As the Bravos Mexican Grill dining room steadily filled during a recent lunch hour, co-owner Antonio Martinez was gushing about the newest location for the restaurant.

“We actually get more traffic here, the views are great and there is plenty of parking,” Martinez said. “The dining room and bar worked out very well.”

The space Martinez is talking about previously held Marley’s Chicago Style Pizzeria high on a hill just west of 71st Street and Sheridan Road. Some walls were knocked down to open the dining room and create a more spacious look. One wall remains between the dining room and colorful bar area.

Earlier this year, Bravos lost its original location at 4532 E. 51st St., which it opened in December 2013. A year later, it opened a second restaurant at 8010 E. 106th St., and about a year ago, opened one in Skiatook.

“The owner wanted to do something else with the building at the original restaurant,” Martinez said. “Another restaurant (Big Whiskey’s American Restaurant & Bar, a regional chain) is coming there.

“Both of our other restaurants are doing very well. Skiatook has been very good. I think a small town appreciates having more restaurant options.”

On a recent visit, we took seats at a wall banquette in front of a high-top table in the bar area that included large Dia de Muertos (Day of the Dead) decorations behind the bar, light fixtures with Edison bulbs and a series of large paintings featuring the tequila-making process. We mostly chose to sit there to catch some football on the three televisions.

We could not resist the top-shelf guacamole ($8.95) made tableside. Ours was prepared by a friendly woman named Mary. We prefer simple guacs with an abundance of avocado, some chopped tomato, lemon juice and a bit of chopped purple onion, and ours was delicious with warm, crispy tortilla chips.

The chips came in handy with a nice, slightly spicy complimentary salsa that was a little soupy, as though peppers and likely onions and spices were pulverized with a tomato base.

For our entrees, we chose a common shrimp dish, camarones al mojo de ajo ($14.95), and a new Bravos item, chimichanga Bravo ($12.95).

The camarones al mojo de ajo featured eight plump shrimp in a sweet, roasted garlic sauce with onions, tomatoes and slices of avocado, all served over a platter of moist rice.

We did not take any precautions to protect the leftover guacamole and slices of avocado we took home, but by the next afternoon both still were as green and fresh as they were at the restaurant. We don’t always have that luck with avocado.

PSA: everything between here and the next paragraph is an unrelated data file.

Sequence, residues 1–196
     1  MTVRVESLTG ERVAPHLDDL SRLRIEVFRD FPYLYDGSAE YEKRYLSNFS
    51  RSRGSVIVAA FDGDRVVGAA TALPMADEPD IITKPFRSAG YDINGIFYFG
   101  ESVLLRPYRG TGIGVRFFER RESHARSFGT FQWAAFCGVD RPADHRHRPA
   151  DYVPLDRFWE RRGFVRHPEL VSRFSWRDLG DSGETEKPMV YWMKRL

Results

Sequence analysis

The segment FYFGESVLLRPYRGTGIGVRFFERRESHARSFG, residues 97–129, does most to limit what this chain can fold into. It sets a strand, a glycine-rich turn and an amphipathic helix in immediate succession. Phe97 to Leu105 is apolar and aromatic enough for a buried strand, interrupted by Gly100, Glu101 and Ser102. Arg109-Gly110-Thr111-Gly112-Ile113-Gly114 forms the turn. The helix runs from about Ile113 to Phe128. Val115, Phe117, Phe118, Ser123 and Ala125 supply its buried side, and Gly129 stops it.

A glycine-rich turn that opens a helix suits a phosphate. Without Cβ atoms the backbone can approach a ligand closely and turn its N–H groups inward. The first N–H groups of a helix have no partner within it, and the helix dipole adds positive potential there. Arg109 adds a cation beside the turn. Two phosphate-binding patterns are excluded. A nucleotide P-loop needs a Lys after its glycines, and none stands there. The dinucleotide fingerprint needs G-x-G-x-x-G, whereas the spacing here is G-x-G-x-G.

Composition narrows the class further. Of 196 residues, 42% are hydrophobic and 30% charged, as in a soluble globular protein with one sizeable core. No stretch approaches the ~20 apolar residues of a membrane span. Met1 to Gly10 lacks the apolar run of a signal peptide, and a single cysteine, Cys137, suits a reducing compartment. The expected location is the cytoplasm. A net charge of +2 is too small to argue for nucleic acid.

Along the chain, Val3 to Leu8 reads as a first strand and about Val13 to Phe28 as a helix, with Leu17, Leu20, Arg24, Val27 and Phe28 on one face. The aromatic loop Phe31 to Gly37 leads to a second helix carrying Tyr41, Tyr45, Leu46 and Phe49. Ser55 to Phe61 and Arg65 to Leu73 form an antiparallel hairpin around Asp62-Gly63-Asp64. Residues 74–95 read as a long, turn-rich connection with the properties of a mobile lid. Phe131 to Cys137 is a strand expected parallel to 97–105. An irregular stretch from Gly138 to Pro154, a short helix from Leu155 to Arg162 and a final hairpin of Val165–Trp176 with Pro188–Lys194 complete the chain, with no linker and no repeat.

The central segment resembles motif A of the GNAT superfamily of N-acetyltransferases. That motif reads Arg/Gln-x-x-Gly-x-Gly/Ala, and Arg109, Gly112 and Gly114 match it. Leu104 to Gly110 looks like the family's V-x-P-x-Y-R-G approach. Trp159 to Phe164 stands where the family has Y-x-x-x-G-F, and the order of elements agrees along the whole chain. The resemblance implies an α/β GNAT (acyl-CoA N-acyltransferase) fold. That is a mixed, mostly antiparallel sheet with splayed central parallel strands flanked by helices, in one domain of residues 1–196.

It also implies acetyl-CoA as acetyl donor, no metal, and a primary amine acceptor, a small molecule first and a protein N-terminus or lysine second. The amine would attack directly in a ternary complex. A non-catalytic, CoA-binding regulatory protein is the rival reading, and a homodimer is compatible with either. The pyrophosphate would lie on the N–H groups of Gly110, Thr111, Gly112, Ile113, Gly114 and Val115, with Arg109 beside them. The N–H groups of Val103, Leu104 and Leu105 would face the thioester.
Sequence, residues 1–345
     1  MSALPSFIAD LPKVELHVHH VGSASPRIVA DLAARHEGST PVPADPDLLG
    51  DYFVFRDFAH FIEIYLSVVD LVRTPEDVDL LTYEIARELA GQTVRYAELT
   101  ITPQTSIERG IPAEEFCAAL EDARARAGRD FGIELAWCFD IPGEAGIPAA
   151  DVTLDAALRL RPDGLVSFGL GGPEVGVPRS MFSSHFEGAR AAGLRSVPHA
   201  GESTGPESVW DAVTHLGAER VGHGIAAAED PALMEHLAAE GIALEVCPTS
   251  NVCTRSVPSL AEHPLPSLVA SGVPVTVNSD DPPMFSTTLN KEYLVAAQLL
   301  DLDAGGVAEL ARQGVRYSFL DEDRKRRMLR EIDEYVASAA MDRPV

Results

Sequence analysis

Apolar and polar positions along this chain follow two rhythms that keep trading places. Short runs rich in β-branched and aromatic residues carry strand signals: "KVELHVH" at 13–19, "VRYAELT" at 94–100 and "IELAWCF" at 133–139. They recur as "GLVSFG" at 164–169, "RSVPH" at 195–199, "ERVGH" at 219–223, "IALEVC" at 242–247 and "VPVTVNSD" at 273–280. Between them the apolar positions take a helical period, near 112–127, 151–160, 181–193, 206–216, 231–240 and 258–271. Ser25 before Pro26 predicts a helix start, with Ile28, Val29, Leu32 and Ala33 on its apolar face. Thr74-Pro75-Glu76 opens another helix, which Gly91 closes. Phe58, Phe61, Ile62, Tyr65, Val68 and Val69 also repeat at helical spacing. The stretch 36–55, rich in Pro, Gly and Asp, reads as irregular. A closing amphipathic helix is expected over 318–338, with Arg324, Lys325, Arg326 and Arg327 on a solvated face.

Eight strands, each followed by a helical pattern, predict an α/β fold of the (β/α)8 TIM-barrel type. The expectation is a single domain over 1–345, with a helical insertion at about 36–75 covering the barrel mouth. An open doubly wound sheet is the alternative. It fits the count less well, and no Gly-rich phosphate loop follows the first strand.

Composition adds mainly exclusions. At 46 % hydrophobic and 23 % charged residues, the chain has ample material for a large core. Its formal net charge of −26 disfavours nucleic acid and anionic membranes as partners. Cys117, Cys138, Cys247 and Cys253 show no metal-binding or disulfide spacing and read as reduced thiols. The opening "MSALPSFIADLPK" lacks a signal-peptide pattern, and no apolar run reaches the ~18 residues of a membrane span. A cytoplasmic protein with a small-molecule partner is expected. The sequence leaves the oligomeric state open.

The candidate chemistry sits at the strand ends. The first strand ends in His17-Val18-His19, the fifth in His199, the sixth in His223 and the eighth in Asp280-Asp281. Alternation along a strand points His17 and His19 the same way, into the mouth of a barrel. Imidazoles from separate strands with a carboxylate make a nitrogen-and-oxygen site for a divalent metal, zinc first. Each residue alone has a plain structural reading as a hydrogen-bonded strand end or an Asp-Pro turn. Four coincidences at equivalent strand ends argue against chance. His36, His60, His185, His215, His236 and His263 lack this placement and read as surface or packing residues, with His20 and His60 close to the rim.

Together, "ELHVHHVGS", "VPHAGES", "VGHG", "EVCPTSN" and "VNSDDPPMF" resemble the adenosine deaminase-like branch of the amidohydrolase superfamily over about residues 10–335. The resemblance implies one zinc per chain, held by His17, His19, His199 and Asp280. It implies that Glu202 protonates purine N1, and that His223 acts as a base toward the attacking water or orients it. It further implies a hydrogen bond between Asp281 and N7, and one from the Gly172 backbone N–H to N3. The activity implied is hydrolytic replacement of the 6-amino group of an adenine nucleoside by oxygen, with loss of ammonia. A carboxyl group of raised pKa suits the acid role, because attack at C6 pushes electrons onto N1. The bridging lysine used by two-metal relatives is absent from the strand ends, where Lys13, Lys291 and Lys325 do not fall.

The chimichanga Bravo included a large, deep-fried tortilla that was cut in half and filled with a generous portion of chopped steak, plus some roasted corn and cheese. It came with a small mound of rice, two dipping sauces and a side salad of lettuce, carrots, white cheese and purple onion. The sauces were a smooth queso and a spicy red chipotle.

We topped off the dinner with a lovely, thick-textured flan de vanilla ($5.95) garnished with chopped fruits and whipped cream.

In addition to what we had on our visit, I got a look at two of the most eye-catching and upscale entrees at our photo shoot, and they were impressive. Pollo Hawaiian ($15.95) featured a grilled half pineapple filled with marinated chicken grilled with onions, poblano peppers and pineapple, then topped with cheese. The molcajete Bravo ($27.95) included steak, chicken, shrimp, sausage, poblano peppers, onions, pineapple, shredded cheese and honey pasilla sauce served in a hot stone bowl.

The lengthy menu includes 17 lunch dishes priced less than $10. Kids have a variety of choices, too. Ages 12 and under can order one taco or cheese enchilada with rice and beans, one burrito and rice, a cheese quesadilla and rice, mac and cheese with fries, chicken fingers with fries and cheese or pepperoni pizza with fries for $5.99 each. A soft drink is included.

The menu also offers a sizable selection of vegetarian and gluten-free items.

Bravos has full bar service, including, predictably, a featured line of tequila-based cocktails and Mexican beers.

Our server, Felipe, was efficient and helpful making our selections. Sarah Lopez is manager for this location.

The main dining room has clean lines and is decorated with large metal sunbursts and paintings from Mexico. Tables hold colorful faux flowers.

A comfortable five-table patio has a great view of southeast Tulsa.

“We have improved some things like offering made-from-scratch corn tortillas with no preservatives, and using rib-eye steak for the carne asada,” Martinez said. “Tulsa is not big like Houston or Dallas, but it is a big foodie town. People appreciate quality food.”

Scott Cherry





Scene Writer

Scott is in his second tour of duty with the Tulsa World. He was a sports writer during his first stop. Since returning to the World in 1992, he has been the food writer and now restaurant critic and wine columnist. Phone: 918-581-8463